Since there was already another James (James, son of Zebedee) among the twelve apostles, equating James son of Alphaeus with "James the Less" made sense. (James son of Zebedee was sometimes called "James the Greater").

Modern Biblical scholars are divided on whether this identification is correct. John Paul Meier finds it unlikely.[4] Amongst evangelicals, the New Bible Dictionary supports the traditional identification,[5] while Don Carson[6] and Darrell Bock[7] both regard the identification as possible, but not certain.

File:Apostle James, son of Alpheus.jpg
Fresco of Saint James the Less in the Orthodox Church of Vladimir, Russia. 12-th century.

Identification with James, the "brother" of Jesus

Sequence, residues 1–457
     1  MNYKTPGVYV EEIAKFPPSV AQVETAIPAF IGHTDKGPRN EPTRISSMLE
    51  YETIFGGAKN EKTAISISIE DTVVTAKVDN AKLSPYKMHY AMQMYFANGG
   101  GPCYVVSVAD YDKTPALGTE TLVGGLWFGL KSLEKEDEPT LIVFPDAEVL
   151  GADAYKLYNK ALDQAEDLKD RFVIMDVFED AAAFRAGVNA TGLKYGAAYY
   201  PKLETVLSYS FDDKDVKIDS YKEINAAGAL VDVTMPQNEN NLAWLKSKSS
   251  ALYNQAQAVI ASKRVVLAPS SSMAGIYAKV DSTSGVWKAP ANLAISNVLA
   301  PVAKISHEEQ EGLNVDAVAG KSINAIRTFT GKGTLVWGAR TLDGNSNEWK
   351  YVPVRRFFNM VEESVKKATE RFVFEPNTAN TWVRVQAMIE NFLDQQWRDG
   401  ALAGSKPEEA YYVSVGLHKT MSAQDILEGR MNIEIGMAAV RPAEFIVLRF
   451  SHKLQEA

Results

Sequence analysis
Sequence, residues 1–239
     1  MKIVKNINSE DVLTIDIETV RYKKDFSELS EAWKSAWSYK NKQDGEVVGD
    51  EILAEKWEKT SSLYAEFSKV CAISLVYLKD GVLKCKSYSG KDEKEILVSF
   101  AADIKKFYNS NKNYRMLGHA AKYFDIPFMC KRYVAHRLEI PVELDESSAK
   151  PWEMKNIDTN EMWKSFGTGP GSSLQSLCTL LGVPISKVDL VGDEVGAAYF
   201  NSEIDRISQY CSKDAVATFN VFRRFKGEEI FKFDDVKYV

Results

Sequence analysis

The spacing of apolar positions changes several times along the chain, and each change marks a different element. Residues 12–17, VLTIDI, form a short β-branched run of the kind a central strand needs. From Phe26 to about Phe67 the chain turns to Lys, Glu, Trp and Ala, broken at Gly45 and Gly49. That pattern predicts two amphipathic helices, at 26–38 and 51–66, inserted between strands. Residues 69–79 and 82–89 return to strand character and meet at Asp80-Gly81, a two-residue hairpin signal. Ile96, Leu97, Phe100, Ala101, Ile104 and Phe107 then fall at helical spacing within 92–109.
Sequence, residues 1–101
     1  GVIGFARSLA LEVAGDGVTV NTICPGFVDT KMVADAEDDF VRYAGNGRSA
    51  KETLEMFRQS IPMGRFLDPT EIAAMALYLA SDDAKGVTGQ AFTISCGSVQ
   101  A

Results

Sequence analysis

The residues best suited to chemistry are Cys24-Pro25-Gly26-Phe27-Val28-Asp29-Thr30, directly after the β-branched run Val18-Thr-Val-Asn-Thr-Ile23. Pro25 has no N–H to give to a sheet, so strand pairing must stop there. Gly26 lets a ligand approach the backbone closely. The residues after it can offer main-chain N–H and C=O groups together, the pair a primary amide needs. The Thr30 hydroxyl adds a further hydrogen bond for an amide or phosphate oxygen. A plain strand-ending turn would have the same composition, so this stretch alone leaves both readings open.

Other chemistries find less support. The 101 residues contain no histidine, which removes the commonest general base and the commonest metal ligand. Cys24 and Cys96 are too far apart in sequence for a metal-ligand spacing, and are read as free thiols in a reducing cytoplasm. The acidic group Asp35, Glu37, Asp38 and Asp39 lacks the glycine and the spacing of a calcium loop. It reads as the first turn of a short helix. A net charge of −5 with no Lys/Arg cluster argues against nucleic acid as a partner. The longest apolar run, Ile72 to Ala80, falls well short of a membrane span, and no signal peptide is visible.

Saint Jerome

As a consequence of the doctrine of perpetual virginity Jerome proposed that James, son of Alphaeus, was to be identified with "James, the brother of the Lord" (Gal.1:19) and that the term "brother" was to be understood as "cousin."[8][9] The view of Jerome, the "Hieronymian view," became widely accepted in the Roman Catholic Church,[10] while Eastern Catholics, Eastern Orthodox and Protestants tend to distinguish between the two. Geike (1884) states that Hausrath, Delitzsch, and Schenkel think James the Just was the son of Clophas-Alphaeus.[11]

Possible brother of Matthew

Alphaeus is also the name of the father of the publican Levi mentioned in Mark 2:14. The publican appears as Matthew in Matthew 9:9, which has led some to conclude that James and Matthew might have been brothers.[12][13] The four times that James son of Alphaeus is mentioned directly in the Bible (each time in the list of the Apostles) the only family relationship stated is that his father is Alphaeus.[14] In two lists of the Apostles, the other James and John are listed as brothers and that their father is Zebedee.[15]